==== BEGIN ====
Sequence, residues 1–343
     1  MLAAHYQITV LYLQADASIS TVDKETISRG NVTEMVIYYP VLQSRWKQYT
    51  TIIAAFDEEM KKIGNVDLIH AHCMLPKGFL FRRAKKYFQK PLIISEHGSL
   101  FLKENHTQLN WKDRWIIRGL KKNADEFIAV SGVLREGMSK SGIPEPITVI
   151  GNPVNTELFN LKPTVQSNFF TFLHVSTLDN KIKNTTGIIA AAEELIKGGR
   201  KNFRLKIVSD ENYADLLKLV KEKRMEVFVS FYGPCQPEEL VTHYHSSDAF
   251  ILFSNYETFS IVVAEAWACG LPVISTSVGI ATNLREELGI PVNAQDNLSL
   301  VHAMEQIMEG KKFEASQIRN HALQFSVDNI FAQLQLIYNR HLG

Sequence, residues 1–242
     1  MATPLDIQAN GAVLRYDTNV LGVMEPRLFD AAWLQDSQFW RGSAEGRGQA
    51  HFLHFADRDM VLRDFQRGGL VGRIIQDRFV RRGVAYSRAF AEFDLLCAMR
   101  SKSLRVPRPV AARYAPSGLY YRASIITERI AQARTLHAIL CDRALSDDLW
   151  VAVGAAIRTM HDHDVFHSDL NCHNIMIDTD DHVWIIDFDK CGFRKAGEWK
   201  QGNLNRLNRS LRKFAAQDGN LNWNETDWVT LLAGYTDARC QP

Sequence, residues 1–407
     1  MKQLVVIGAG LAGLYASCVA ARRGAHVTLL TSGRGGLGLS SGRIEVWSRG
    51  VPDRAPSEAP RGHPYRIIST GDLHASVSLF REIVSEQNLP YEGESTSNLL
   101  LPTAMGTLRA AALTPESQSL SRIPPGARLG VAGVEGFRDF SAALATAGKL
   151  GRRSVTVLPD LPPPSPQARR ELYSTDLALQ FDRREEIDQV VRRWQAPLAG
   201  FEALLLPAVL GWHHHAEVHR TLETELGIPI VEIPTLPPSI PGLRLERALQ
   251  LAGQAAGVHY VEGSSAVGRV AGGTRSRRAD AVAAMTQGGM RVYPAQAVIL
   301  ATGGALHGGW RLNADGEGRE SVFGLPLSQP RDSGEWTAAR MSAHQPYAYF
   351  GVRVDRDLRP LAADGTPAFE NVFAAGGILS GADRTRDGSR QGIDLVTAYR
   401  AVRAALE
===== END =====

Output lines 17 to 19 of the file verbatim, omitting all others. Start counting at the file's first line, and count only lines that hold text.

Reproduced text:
    51  VPDRAPSEAP RGHPYRIIST GDLHASVSLF REIVSEQNLP YEGESTSNLL
   101  LPTAMGTLRA AALTPESQSL SRIPPGARLG VAGVEGFRDF SAALATAGKL
   151  GRRSVTVLPD LPPPSPQARR ELYSTDLALQ FDRREEIDQV VRRWQAPLAG